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Torah Sparks

September 5, 2009 – 16 Elul 5769

Annual: Deuteronomy 26:1 – 29:8 (Etz Hayim, p. 1140; Hertz p. 859)
Triennial: Deuteronomy 26:12 – 28:6 (Etz Hayim, p. 1142; Hertz p. 860)
Haftarah: Isaiah 60:1 – 22 (Etz Hayim, p. 1161; Hertz p. 874)

Prepared by Rabbi Joyce Newmark
Teaneck, New Jersey

Torah Portion Summary

Once they have settled in the land, each Israelite farmer is to bring a portion of his first fruits to the central sanctuary. Standing before the priest, he is to recite the declaration expressing gratitude for all the gifts God has given.

In the third year of the agricultural cycle, farmers were to give the second tithe of their produce to the poor rather than bringing it to Jerusalem. Once this was done, the farmer was to recite a declaration acknowledging that he had done as God commanded.

Moses reminds the Israelites that they have affirmed their covenant with God, that they have promised to obey Him, and that God in return has affirmed that Israel is His treasured people.

Moses tells the people that as soon as they cross the Jordan, they are to set up large stones inscribed with the words of the Torah on Mount Ebal. They are then to enact a covenant ritual on Mount Ebal and Mount Gerizim. He tells them that if they observe God’s commandments they will experience many blessings. However, if they do not obey God they will experience many curses, culminating in war, famine, plagues, and exile.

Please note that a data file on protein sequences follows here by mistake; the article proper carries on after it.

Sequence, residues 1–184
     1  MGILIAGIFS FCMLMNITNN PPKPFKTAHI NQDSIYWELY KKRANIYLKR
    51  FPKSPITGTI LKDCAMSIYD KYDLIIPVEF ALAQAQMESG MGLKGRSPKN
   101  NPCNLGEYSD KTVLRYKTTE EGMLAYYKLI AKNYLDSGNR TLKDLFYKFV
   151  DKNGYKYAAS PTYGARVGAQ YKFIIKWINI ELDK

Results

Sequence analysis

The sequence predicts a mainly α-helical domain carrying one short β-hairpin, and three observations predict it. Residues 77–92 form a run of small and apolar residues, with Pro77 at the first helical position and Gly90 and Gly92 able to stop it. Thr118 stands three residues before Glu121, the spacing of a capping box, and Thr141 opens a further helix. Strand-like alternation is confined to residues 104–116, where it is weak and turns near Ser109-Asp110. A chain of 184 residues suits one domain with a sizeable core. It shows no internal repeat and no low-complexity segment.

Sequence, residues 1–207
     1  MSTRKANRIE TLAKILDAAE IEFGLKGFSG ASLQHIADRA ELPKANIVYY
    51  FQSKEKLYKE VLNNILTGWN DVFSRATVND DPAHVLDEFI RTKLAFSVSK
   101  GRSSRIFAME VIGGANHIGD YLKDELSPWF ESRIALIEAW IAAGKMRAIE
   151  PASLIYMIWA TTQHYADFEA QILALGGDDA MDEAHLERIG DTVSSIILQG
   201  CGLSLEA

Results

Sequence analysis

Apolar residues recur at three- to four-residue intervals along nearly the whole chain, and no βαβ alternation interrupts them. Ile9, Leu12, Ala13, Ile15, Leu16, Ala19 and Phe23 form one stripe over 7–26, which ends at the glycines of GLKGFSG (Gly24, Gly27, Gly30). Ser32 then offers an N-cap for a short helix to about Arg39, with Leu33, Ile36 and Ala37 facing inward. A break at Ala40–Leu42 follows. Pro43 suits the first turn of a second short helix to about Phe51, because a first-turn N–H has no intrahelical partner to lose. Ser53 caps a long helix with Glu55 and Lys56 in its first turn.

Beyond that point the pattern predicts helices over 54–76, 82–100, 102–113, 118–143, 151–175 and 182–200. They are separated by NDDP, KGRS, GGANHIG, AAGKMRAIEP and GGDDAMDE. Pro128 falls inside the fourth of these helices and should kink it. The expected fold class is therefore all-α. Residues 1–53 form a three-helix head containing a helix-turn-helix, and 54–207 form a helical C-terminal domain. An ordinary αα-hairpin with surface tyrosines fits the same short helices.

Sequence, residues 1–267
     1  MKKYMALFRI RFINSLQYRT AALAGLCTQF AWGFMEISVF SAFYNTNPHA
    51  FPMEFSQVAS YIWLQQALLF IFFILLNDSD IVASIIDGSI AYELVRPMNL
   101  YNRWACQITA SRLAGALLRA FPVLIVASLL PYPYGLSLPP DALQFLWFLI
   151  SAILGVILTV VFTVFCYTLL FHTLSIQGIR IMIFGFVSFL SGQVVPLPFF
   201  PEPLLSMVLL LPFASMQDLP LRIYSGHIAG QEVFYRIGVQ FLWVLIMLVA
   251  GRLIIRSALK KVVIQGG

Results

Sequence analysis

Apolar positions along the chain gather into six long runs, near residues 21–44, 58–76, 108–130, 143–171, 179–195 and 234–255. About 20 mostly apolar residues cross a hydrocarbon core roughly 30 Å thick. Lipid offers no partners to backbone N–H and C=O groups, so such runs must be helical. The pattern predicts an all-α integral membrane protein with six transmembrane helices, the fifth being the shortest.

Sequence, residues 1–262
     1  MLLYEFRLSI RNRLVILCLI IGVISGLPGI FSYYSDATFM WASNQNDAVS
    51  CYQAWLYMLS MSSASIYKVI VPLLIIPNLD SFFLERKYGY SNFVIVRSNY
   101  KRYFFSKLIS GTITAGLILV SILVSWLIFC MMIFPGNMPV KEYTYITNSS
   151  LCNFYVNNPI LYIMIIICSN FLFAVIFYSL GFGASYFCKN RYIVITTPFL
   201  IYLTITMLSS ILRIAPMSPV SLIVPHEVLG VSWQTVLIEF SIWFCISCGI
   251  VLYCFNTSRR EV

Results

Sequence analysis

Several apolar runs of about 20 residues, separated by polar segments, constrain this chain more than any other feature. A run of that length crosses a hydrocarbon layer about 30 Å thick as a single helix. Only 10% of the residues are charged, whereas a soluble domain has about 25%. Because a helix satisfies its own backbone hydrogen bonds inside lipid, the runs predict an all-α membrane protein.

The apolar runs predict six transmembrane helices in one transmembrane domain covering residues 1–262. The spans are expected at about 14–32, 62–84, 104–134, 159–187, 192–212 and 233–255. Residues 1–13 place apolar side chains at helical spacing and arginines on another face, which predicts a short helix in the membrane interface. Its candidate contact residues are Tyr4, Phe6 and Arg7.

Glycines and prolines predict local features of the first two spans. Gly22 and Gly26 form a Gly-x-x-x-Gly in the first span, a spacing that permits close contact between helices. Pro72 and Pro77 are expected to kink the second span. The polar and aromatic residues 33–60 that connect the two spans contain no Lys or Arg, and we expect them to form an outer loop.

Moses concludes by reminding the Israelites of all that God has done for them in the 40 years since He redeemed them from Egypt.

1. Jewish Identity – Inside/Outside

Blessed shall you be in the city and blessed shall you be in the country. (Deuteronomy 28:3)

  1. Rav said: “Blessed shall you be in the city” – that your home will be close to the synagogue (Yalkut Shimoni 28). There are people whose behavior at home is far from their behavior in the synagogue. In the synagogue they observe all the smallest details of the law, but not so at home. Their homes are far from the synagogue, and the synagogue has no influence on their life at home. This is the blessing that your home should be close to the synagogue – that the spirit of the synagogue will saturate your home as well. (Meged Yerahim, cited in Itturei Torah, Rabbi Aharon Yaakov Greenberg)